I saw a flash of brown through the bushes on the trail ahead. I stopped as a deer emerged from a switchback. The doe was walking slowly up the trail with her mule-like ears turned back toward me. I said something like, “Where are you going?”
She turned toward me and stared quizzically. As I slowly pulled the phone from my pack, I continued to talk. Her expression was a mix of caution and curiosity. It was as if she couldn’t quite make up her mind what I was about.
This was peculiar behavior for a deer in this area. It wouldn’t be so strange if I was at Trippet Ranch. The deer there graze around the oaks and grasslands near the parking lot and are used to seeing people. But in decades of running the Chumash Trail, I’ve only occasionally seen deer, and they have always been skittish and quick to react.
This doe watched me as I slowly walked around the bend and toward her. I was reminded of a friend’s experience, when he was hit on the shoulder by a spooked deer. Not wanting to force a reaction, I stopped. The deer casually stepped off the trail and disappeared down the ravine.
Later, running down Las Llajas Canyon, I was startled by the sound of something large moving in the brush. This time I got only a fleeting glimpse, as the deer bounded uphill through the trees, rocks, and brush.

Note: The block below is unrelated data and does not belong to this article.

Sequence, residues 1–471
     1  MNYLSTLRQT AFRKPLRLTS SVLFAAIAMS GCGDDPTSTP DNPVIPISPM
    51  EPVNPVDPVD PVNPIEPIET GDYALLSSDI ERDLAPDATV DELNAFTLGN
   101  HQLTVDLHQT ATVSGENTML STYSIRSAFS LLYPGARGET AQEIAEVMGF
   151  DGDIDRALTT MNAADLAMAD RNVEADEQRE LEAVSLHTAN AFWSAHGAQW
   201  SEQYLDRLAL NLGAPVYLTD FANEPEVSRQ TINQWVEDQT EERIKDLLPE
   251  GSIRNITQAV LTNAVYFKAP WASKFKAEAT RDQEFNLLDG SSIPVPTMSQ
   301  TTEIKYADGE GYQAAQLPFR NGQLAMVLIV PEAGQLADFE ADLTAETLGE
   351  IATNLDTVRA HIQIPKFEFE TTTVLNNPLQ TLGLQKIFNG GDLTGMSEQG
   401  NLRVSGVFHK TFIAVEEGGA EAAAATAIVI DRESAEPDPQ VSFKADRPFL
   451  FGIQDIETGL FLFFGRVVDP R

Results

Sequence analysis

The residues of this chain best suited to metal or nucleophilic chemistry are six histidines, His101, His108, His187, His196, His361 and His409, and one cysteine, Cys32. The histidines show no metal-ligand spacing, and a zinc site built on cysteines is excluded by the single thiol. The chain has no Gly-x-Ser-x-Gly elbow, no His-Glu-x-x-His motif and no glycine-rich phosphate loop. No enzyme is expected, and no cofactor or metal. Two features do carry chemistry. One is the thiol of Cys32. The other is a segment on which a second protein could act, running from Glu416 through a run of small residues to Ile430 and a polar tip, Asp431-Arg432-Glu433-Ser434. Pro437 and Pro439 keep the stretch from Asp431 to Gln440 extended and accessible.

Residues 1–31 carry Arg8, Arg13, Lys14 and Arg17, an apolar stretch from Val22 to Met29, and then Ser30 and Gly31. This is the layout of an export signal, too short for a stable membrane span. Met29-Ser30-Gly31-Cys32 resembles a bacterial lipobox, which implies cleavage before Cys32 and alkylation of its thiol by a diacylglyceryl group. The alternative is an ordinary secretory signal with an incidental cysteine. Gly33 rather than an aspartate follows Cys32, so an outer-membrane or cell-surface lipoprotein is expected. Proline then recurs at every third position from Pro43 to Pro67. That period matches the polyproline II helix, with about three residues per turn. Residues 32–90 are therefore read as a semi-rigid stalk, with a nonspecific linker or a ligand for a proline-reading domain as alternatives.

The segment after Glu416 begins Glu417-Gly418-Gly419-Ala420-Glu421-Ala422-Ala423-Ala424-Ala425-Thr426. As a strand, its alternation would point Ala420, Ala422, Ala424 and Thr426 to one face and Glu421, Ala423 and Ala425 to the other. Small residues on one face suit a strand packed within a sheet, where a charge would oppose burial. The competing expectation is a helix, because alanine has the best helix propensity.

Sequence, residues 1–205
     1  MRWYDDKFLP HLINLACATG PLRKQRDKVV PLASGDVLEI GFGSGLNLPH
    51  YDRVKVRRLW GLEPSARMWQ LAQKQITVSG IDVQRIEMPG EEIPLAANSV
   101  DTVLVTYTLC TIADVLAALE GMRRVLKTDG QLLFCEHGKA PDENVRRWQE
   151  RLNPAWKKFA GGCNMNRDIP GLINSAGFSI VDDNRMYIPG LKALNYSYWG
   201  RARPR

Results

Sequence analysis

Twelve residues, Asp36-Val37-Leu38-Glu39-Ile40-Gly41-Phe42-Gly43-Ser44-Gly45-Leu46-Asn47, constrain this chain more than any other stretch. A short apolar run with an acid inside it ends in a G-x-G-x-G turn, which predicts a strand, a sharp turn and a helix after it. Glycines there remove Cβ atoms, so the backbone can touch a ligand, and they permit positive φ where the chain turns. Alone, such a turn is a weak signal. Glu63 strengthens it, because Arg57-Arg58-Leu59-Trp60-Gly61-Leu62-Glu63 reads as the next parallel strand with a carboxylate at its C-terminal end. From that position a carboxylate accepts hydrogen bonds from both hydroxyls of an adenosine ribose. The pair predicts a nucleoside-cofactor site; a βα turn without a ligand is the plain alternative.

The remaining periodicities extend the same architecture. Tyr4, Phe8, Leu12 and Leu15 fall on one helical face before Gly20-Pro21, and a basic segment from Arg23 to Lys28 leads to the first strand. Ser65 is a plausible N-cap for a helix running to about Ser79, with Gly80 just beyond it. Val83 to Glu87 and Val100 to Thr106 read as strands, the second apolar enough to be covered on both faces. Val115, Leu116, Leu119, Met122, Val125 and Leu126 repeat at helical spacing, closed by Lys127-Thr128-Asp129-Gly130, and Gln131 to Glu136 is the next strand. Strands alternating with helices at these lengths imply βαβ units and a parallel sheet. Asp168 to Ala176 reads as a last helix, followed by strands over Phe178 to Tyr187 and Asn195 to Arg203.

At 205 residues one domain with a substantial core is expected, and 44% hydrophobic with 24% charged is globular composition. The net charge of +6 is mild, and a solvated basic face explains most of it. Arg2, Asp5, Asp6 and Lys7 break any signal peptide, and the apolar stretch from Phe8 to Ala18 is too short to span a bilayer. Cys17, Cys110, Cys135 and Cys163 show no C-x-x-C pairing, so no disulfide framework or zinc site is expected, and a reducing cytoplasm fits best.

The Chumash-Las Llajas Loop is a scenic 9.3 mile trail run in the eastern Simi Valley. Run counterclockwise, it combines a strenuous climb on a single-track trail and fire road with a fast-paced 4-mile downhill on a dirt road. The cumulative elevation gain/loss on the loop is about 1600′.
I like to do the loop starting at the Las Llajas Canyon trailhead on Evening Sky Drive. A short jog up Evening Sky Dr., then across a field, and you’re on your way up the Chumash Trail. From this point, it’s an approximately 1000′ climb over 2.7 miles of rocky trail to Rocky Peak fire road.
After turning left (north) on Rocky Peak fire road, a short downhill is followed by three-quarters of a mile of climbing to “Fossil Point.” A short detour off the main fire road leads to a cairn marking the high point. From here there is a panoramic view of Oat Mountain, San Fernando Valley, San Gabriel Mountains, Santa Monica Mountains, Simi Valley, Boney Mountain, Channel Islands, and Ventura Mountains.
Exposures of fossil shells are found near the high point. According to the area’s Dibblee geology map, these may have been deposited in shallow marine lagoons a couple million years ago.
From the high point, the loop continues north on Rocky Peak Road. At first, it descends steeply, then climbs to a hilltop with a few valley oaks. Partway up the hill, a roadcut reveals the long roots of the chamise plants on the hillside.
Some of the wildlife, and not-so-wild animals, I’ve encountered on the loop include rattlesnakes and other snakes, deer, longhorn cattle, roadrunners, and a kangaroo rat. Although others have seen mountain lions in the area, I’ve only photographed their tracks.
The loop ends with a short, steep climb up a paved road. At the top of the hill, turn left to return to the trailhead.